Communication with college faculty is challenging for many students, but generally speaking students with disabilities are as willing and able to communicate with faculty as are students without disabilities. The exception is students with learning disabilities, who are more likely than others to report having communication difficulties with their instructors (Frymier & Wanzer, 2003). The most successful students with disabilities tend to use an assertive style of communication to request accommodations (Worley & Cornett-DeVito, 2007). However, male college students (with or without disabilities) report greater comfort in being assertive than female students, and students in two-year colleges are more comfortable being assertive than those in four-year colleges (Orr, 2004).
Parents and high school teachers can help young women with disabilities prepare for college by encouraging development of assertive communication skills. An example of an assertive approach to requesting academic accommodations is the following 17 steps (Palmer & Roessler, 2000, p. 39):
- Greet instructor
- Introduce self by name
- Refer to specific class
- Identify disability status
- Explain needs functionally
- Mention previous accommodations
- Explain benefits of past accommodations
- Request use of accommodations
- Identify resources and how they help
- Explain what you will do
- Ask for agreement
- Affirm agreement
- Restate accommodations
- Clarify your role
- Clarify your instructor's role
- Close with positive statement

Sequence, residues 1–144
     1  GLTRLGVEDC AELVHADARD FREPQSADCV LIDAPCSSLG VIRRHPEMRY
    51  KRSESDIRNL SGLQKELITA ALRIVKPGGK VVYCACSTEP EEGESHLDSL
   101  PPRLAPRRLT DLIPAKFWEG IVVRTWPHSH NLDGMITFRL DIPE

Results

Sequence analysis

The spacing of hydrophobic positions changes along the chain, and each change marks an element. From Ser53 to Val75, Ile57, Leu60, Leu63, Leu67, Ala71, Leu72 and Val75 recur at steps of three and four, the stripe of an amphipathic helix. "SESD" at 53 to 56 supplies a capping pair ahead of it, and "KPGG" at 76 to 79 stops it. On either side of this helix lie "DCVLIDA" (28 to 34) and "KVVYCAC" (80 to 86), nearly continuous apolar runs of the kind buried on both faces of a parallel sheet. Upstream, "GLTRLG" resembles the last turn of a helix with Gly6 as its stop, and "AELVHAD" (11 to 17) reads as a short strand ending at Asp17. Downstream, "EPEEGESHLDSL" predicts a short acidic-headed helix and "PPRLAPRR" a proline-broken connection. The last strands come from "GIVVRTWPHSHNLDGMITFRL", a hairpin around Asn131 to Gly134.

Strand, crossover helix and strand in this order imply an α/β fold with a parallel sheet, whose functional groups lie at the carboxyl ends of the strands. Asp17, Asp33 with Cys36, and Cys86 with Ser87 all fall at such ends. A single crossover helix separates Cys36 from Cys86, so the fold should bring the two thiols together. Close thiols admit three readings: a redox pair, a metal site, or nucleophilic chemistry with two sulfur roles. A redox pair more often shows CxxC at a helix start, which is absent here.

- Express appreciation
Parental concerns for a daughter's safety can influence decisions about postsecondary life choices (Whitney-Thomas & Hanley-Maxwell, 1996; Hogansen, Powers, Geenan, Gil-Kashiwabara, & Powers, 2008). While students are typically safer on campuses than in the cities or communities surrounding them, parents and students may reasonably be concerned about campus safety. The U.S. Department of Education's Office of Postsecondary Education has a Web site where it is possible to view the crime statistics for many U.S. campuses (www.ope.ed.gov/security/main.asp). Many campuses also have women's centers that offer training in personal safety, as well as free escort services during evening hours.
Many college and university Web sites provide accessibility maps showing ramps and elevators, as well as other information about building and room accessibility. Larger campuses may have bus or shuttle systems to help students get around campus quickly. During a campus visit, or at orientation, students can check out the transportation system and accessibility of buildings in order to know what to expect on the first day of classes. Students considering staying in dormitories should ask if they can see the rooms. In some cases, a college may be able to make changes, such as removing an interior door or changing a handle. Students with special dietary needs or technology needs should also ask about what may or may not be provided by the college.